I have every intention of reading all of the IMPAC books before the winner is announced, if I read a better one than this I’ll be very, very pleased.

Book Twenty Seven

Book Twenty Seven 2014: 

 The Truth About The Harry Quebert Affair by Joel Dicker


This one comes much trumpeted as a book that’s already been a huge European hit prior to this English translation. Warner Bros have just bought the movie rights. All I read are sparkling reviews about how it’s the best thing since the last best thing and the future of thrillers.

So why didn’t it work for me?

Don’t get me wrong, for most of its 600-odd pages it’s a well drawn, atmospheric page turner about a blocked author desperate to write a second book after a sensational first one. He turns, as a last resort, to his mentor and college professor, the great Harry Quebert; a man who himself became a publishing sensation in the 70s after moving to a tiny New Hampshire town where he now lives.

It gives away nothing of the book (as it happens so early on) to say that the body is found of a girl who went missing in 1975 and Harry is the prime suspect…

I have 2 enormous grumps, I suppose – one is that the many, many, MANY twists in the last third are, for me, incredibly convoluted, unbelievable and far too drawn out. It makes a potentially tight, believable 500 page book a flabby 600+ one.

Maybe it’s because we’re all experts after watching years of procedural cop dramas but there are a couple of holes in here so big I could drive a bus through. Holes that belong somewhere beneath a poor episode of Elementary and just about above one of the better episodes of Criminal Minds.

I was actually yelling at the book for them to do something blindingly obvious. Eventually they do and the case cracks…

My other gripe is the dialogue that, in places, reads like a bad episode of Fair City. Don’t believe me? Find some. Read it. Try not to laugh. I would say it could be a poor translation but Sam Taylor is responsible. He also did Laurent Binet’s fantastic HhHH, so that’s probably not it.

That’s not to say the whole book is terrible, far from it, but the problems above poke such huge holes in the boat that, for me, by the end it had sunk without trace.

The book at one point says the following…


My problem is that half a second after finishing this I was overwhelmed by a particular feeling.


Book Twenty Six

Book Twenty Six 2014: 

 The Wind-Up Bird Chronicle by Haruki Murakami


I am immediately aware as I type this that Haruki Murakami is one of *those* authors that split people straight down the middle. You will either be immediately taken away by his characters, world, writing or you’ll think he’s a cryptic nonsense-merchant of the highest order and throw his books away in frustration.

Be aware I am in the former group.

Being honest I’ve come late to him, the first thing of his I read was the epic trilogy 1Q84 last year but I fully intend to make up for time.

This book is *beautiful*. Hypnotic. Elegant. Entrancing. The sort of thing I would willingly press into the hands of anyone who loves books.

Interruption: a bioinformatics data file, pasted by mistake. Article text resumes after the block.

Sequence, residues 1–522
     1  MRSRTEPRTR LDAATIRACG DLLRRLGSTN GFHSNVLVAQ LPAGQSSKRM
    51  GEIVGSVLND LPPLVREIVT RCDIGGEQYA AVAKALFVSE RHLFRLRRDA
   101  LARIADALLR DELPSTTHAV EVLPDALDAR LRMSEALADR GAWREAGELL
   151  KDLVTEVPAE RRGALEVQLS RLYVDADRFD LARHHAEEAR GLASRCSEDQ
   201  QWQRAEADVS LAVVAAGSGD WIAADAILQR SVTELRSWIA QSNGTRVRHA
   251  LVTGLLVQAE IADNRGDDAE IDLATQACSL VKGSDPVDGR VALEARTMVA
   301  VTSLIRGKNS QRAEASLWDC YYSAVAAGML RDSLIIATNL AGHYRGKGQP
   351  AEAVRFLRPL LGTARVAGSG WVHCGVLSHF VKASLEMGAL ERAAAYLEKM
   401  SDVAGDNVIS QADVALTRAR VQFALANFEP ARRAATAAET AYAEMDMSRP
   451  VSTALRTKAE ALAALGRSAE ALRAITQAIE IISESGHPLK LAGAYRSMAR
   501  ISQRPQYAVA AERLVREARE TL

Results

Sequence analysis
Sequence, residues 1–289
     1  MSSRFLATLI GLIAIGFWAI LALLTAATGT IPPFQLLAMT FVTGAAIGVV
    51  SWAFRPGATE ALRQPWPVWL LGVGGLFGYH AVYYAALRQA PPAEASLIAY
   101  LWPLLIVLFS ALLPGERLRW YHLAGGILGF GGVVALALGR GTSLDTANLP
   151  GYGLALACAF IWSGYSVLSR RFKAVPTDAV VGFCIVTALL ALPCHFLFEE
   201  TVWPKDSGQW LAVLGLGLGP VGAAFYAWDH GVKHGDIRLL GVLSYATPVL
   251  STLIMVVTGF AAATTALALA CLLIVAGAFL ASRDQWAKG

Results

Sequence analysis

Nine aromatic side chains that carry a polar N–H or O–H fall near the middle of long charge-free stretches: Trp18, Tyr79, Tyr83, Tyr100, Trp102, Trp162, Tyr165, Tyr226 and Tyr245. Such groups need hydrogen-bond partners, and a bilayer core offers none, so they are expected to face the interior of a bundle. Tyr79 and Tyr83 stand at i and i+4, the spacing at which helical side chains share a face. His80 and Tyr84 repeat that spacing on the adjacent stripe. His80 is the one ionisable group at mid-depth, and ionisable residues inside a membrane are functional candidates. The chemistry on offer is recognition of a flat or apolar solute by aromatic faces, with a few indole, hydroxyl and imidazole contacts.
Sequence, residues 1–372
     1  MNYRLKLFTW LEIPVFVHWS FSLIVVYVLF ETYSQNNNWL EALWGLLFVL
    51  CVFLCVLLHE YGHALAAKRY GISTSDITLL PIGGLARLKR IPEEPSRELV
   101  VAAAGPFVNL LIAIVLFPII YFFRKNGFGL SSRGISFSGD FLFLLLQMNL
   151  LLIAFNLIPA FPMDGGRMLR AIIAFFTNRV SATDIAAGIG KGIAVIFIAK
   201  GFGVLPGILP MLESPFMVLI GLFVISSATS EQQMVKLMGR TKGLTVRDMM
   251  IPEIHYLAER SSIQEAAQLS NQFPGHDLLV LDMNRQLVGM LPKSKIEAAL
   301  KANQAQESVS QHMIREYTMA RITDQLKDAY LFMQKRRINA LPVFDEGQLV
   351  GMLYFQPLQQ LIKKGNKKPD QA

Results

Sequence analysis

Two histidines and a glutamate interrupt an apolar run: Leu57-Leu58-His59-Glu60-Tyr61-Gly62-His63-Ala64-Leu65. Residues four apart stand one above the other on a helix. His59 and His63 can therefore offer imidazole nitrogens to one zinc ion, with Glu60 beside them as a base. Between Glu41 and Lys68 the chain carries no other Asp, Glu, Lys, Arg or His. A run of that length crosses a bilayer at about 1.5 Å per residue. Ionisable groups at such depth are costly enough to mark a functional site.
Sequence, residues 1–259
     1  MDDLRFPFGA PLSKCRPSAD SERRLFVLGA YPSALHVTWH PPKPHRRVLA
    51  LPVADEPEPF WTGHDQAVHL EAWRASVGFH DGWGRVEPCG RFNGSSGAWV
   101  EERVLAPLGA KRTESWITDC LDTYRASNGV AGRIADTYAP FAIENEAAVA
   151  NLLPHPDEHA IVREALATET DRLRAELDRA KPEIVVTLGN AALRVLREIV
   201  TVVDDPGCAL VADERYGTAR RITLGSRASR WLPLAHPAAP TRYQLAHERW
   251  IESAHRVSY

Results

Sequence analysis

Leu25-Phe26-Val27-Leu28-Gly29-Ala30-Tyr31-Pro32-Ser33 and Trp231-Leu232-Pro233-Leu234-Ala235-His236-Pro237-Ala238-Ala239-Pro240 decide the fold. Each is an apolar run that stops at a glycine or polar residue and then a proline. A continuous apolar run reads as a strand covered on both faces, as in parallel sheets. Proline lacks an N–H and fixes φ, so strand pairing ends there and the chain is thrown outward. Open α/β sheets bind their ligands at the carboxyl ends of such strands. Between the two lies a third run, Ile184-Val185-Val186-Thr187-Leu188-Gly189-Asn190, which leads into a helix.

As I do frequently I’m not going to tell you anything about the plot, I always much prefer to find out important things like that by actually reading the book. Suffice to say that it’s set in Tokyo in the 80s and involves a similar mix to 1Q84 of solitary living, intertwining stories and a world that is at the same time very, very concrete and entirely not like the world we live in bordering on fantasy or SF…

I was talking about it on Twitter afterwards and more than one person said they had read it years ago and it had “haunted” them.

You should read it. I was hypnotised. He writes unlike anyone else.

Book Twenty Five

Book Twenty Five 2014: 

 The Black Swan by Nassim Nicholas Taleb


As I’ve said here before I love books that tilt the world slightly on its axis and cause me to look at things differently; this one is no exception.

Ostensibly a book about events that occur entirely outside of the range of what one would normally expect to happen (9/11, financial crashes, tsunamis, the fate of Lebanon in the 80s, Facebook) it also ranges widely across vast territory how the financial system works (he used to work on Wall Street) to the very art of predicting anything in *any* field of life and why doing that is usually a complete waste of time.

He goes to huge lengths to say that he makes no predictions about anything himself (he sees attempts to do that in all but the most tightly scientific fields utter nonsense) but that he wrote this book in 2007 and makes no small suggestion that the banking system is build on sand and is liable to be swallowed up at any moment does no harm to the rest of his theories. There’s a fair amount of overlap in places with the wonderful Thinking Fast And Slow by Daniel Kahneman as well, another book that is nothing short of brilliant if you’ve never stumbled across it.

If I have one small criticism it’s that there are sections of the book that are almost impenetrable and that I lightly skimmed over. I’m no genius, but I’ve read this sort of stuff all my life and am fascinated by pretty much everything, but parts of this are not for the man in the street like me…

Having said that, it’s head-opening in places, wide-ranging and will make you look at the world differently. Highly recommended.

Book Twenty Four

Book Twenty Four 2014: 

 The Three by Sarah Lotz


Typical. You haven’t read anything great by a female author in ages and then four come along at once 🙂

The pitch for Sarah Lotz’s The Three is best left at one line – four planes crash across the world on the same day, there are only 3 survivors, all children…

The story is told in a fragmented style from inside the construct of a book that has been written about the events of what’s become known as Black Thursday soon after those events themselves.

You hear about what happened from people on the ground, people with the surviving children, people unconnected but with large, powerful interests that are driving events around the world the book is set in.

Honestly, telling a story like this means that Sarah Lotz has given herself a huge, uphill battle here. She pulls off all of the individual voices effortlessly while driving us along at speed even if once or twice I found myself wandering a bit as the vastly disparate strands were being slowly teased out.

It’s in the last 100 pages or so that The Three really flies and makes itself a must-read. Things all come together and wrap up, convincing you that it’s first one sort of story, then another, then another yet again. Was the survival of The Three a coincidence? A supernatural occurrence? The hand of God?

I pretty much always find myself being unsatisfied with endings of books. Not here. It finishes brilliantly.

It’s out on May 22nd, make a note and grab a copy.